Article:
The 100s of millions of lives lost or totally ruined as a result of our leaders’ love of warfare is mind boggling, and it is mind boggling that it is still going on, despite the fact that most sentient humans in this country and elsewhere want it to stop! So keep on writing about this and maybe we will start to elect people who agree with you and will say it out loud.
    Happy holidays!

    Liked by 1 person

  5. In the Spirit of the Christmas Season
    ‘Not by military force and not by physical strength, but by My spirit,’ says the Lord of Hosts.
    And he shall judge between the nations and reprove many peoples, and they shall beat their swords into plow shares and their spears into pruning hooks; nation shall not lift the sword against nation, neither shall they learn war anymore.


  6. ‘NATO’s confrontation with Moscow, army modernization, and operation in Ukraine: Key points from Putin’s speech’
    The Russian president recently addressed the nation’s top military commanders, covering a number of national security issues
    Russia is facing nearly the entire military potential of NATO in the ongoing conflict in Ukraine, President Vladimir Putin said on Wednesday during an extended meeting of the Board of the Ministry of Defense.

    The Russian president also commented on what led up to the current conflict with Kiev and noted the importance of modernizing the country’s nuclear potential in order to maintain sovereignty.

    Here’s a recap of the main points from Putin’s speech.

    Confrontation with West
    Putin said Moscow’s “strategic opponents” have always tried to “cut down” and “break up” Russia because they believe the country is “too big” and poses a threat. He noted that this was something the West had been trying to achieve for centuries.
    Russia, meanwhile, has always hoped and tried to become a part of the so-called “civilized world” but has come to realize that it is simply not welcome there, according to Putin.

    Ukraine as brotherly nation
    Russia spent years doing everything it could to build not just neighborly, but brotherly relations with Ukraine, and nothing worked, said Putin, noting that “we have always considered Ukrainians to be a brotherly people.”
    Putin outlines the scale of the challenge in Ukraine READ MORE: Putin outlines the scale of the challenge in Ukraine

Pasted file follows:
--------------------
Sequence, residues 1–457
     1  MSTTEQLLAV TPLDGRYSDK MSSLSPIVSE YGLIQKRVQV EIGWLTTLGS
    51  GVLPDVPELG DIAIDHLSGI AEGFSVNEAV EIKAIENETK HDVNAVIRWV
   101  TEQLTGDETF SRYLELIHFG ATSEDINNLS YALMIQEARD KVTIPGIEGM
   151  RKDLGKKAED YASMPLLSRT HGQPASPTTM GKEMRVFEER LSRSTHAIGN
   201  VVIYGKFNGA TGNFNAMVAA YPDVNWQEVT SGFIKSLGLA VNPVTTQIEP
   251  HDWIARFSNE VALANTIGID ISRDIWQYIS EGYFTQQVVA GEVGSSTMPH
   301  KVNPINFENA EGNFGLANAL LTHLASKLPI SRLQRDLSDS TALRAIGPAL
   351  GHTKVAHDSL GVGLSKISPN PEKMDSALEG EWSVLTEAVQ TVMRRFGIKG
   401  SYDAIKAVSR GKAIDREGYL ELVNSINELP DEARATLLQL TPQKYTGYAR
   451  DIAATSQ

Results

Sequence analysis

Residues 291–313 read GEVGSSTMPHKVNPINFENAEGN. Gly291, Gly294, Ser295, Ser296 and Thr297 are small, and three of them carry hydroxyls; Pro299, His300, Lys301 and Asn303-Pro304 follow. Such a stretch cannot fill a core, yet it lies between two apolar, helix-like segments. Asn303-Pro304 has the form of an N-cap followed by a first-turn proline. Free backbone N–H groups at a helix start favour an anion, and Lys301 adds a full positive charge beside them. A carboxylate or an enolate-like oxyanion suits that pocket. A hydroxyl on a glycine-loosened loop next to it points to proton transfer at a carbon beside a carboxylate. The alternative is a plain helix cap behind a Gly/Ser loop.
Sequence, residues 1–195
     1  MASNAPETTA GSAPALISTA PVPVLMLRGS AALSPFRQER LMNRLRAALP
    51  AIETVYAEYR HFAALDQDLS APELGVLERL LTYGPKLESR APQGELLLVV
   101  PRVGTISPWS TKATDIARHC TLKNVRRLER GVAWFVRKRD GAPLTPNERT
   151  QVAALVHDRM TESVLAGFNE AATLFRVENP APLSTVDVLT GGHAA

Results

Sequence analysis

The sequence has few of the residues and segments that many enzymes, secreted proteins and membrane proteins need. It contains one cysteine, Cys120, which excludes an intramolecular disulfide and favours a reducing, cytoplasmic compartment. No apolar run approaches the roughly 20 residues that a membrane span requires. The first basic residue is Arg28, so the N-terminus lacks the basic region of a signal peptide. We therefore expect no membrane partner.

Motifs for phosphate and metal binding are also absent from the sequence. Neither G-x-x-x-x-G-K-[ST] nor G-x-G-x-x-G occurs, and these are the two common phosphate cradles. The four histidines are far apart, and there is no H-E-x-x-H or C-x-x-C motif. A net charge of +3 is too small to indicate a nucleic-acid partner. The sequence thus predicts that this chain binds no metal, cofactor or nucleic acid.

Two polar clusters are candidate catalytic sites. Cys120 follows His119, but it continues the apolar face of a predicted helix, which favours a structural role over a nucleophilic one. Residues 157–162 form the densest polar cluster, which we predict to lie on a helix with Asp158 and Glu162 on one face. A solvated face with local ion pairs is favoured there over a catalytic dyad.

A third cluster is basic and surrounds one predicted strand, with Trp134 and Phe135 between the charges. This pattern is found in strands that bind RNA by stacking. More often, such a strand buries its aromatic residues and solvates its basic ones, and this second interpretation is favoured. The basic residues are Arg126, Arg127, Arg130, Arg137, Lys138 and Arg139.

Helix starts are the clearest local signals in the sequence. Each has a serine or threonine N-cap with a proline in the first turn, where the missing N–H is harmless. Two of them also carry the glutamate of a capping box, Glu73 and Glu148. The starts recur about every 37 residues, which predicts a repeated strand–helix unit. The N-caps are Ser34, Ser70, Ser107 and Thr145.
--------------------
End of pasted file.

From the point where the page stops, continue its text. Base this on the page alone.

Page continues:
“I still believe that. Everything that is happening is a tragedy. Our common tragedy. But it is not the result of our policies,” the president said.
    He added that Russia’s geopolitical opponents have started to use a wide range of means to further their goals, including meddling in the internal affairs of the former Soviet republics, especially Ukraine, which ultimately led to the ongoing conflict with Kiev. Thus, it had become “inevitable,” the president concluded.

    NATO against Russia 
    Putin stated that NATO was currently using the military potential of nearly all of its member states against Moscow.
    However, he noted that Russia had learned a lot from its mistakes in the past and would not harm itself by militarizing the nation.
    “We will not militarize the country and we will not militarize the economy,” Putin proclaimed, stressing that Russia’s current level of development simply doesn’t require such measures.
    He added that Russian military leaders have been tasked with studying NATO’s tactics and capabilities and have been asked to consider this information in the training and equipment of Russia’s own forces.

    Nuclear triad
    Russia’s nuclear arsenal is the key guarantor of its sovereignty, Putin said, noting that new weapons will soon enter into service and commit to the development of the country’s defensive capabilities.
    READ MORE: Russia will continue to modernize nuclear arsenal – Putin
    The president said Russia will continue to maintain and improve its nuclear triad, which comprises missiles fired from aircraft, submarines, and ground-based mobile launchers and silos.

    Modernizing the Russian military 
    The president emphasized the need to bolster the use of drones in the Russian army and pointed to the country’s experience in developing underwater unmanned aerial vehicles (UAVs), which he said should be improved upon to create more advanced air and ground drones.
    Defense minister announces major expansion of Russian army READ MORE: Defense minister announces major expansion of Russian army
    He suggested modernizing communication systems and incorporating artificial intelligence technologies across all decision-making levels, noting that fast and automated systems have proven to be the most effective on the battlefield.
    The president also approved a number of structural changes proposed by Defense Minister Sergey Shoigu in response to NATO bolstering its forces on the border with Russia and potentially extending membership to Finland and Sweden.